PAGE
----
Google has announced sweeping policy changes which will spell a dramatic shakeup of the online advertising market. The industry giant’s decision to withdraw support for third party cookies in its web browser Chrome - and across its suite of dominant marketing tools - will bring it in line with its major competitors, Safari and Firefox. However, given Chrome’s commanding share of the browser market, and Google’s overall position in the industry, the effects of its latest decisions will be unprecedented.
Brands, publishers, agencies and vendors are already bracing themselves for the impact of ‘cookie deprecation’ across Google properties. Over on Safari and Firefox, successive policy updates in recent years have caused major disruption to established cookie-based practices. Essentially, the loss of measurement and targeting capabilities, which form the basis of many marketers’ attribution strategies, prompted many advertisers to pull their spend on these browsers.
Third party cookies have formed the backbone of user tracking and measuring the outcomes of ads since the early 90s. Media buyers and owners alike rely on these third party tracking tools for measuring and optimising campaign performance. The wider ecosystem of tools - such as Google Analytics - that the online advertising world has come to rely upon for serving personalised ads will no longer function as it has done historically.
Existing methods depend heavily on the collection of unconsented user information, in the form of ‘third party data’, which is then sourced, aggregated and traded by various companies for the purposes of audience targeting. Against a backdrop of growing demand for more privacy-centric practices in online advertising, and a more ethical approach to the collection and use of ‘personally identifiable information’ in general, this all signals a fundamental (and many would say overdue) reset for online advertising.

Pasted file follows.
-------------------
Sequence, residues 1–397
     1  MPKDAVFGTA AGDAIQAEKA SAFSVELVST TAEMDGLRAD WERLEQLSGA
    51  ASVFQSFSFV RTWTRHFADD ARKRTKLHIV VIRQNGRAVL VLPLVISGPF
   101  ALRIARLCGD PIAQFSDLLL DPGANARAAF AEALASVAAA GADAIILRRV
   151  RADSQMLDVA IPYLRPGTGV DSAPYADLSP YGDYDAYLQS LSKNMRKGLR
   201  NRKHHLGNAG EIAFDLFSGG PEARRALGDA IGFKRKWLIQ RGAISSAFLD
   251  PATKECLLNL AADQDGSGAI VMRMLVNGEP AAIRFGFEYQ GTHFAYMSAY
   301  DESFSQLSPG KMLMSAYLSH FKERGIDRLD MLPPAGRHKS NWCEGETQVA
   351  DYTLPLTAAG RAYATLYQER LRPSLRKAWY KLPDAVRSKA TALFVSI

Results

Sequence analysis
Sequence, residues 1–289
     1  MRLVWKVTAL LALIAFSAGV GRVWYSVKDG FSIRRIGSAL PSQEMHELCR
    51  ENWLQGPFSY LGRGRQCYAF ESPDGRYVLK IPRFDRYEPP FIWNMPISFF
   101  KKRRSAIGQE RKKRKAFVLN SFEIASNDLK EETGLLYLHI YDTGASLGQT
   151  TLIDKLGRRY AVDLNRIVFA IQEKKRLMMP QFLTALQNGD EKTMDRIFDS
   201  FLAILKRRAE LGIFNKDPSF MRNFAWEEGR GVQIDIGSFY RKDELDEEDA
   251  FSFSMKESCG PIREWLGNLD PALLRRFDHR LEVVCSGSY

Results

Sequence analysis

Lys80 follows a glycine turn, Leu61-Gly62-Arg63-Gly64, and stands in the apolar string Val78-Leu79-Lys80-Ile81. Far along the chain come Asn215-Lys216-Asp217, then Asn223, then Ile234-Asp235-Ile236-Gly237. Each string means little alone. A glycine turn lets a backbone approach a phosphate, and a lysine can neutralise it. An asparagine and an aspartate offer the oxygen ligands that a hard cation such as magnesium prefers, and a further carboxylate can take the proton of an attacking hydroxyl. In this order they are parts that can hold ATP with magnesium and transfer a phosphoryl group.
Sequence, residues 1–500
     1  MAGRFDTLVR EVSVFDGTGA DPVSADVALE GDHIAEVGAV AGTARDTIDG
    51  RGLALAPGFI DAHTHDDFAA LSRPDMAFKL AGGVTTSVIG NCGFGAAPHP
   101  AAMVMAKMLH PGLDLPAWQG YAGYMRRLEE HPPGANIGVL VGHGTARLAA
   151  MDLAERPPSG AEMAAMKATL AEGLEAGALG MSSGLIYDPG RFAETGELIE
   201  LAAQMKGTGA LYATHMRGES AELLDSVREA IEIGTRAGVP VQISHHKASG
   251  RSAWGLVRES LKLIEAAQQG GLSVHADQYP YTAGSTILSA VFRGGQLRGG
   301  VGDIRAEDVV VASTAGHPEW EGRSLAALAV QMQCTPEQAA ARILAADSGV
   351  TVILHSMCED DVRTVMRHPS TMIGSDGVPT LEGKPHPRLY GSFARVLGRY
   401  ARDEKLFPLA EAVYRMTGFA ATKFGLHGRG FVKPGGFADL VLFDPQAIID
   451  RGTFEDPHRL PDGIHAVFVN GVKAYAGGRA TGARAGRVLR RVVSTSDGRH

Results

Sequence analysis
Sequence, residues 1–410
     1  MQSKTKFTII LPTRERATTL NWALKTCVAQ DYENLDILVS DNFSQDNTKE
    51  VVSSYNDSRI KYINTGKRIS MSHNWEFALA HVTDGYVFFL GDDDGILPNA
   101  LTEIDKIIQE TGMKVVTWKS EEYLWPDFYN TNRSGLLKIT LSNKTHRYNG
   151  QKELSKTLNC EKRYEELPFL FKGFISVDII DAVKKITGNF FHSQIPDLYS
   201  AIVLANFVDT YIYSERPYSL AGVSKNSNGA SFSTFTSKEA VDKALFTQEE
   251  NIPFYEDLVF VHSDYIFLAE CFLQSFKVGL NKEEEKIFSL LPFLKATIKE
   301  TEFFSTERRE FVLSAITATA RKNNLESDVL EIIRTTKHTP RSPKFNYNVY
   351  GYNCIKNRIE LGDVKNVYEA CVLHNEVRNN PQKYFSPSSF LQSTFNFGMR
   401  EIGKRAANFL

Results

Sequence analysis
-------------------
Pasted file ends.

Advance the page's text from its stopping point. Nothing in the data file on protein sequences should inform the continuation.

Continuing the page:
Shifting public attitudes and ongoing regulation in Europe and the US (with other regions following suit) is ramping up pressure on companies to require some form of user consent before their personal data can be accessed and used for commercial purposes. And ultimately, this ideal is just not compatible with many existing practices.
In the first of our series of lessons on Cookie Deprecation, we examine the difference between first party and third party cookies, what they’re used for, and why this doesn’t mean the end of analytics data or targeted advertising online. We explore why cookie technology has become much more widespread in recent years, and why it’s come under increased scrutiny. And crucially, despite the prevailing uncertainty as alternative solutions are developed, we identify where and how brands must begin taking proactive steps to prepare for a future that emphasises consented, first party data.
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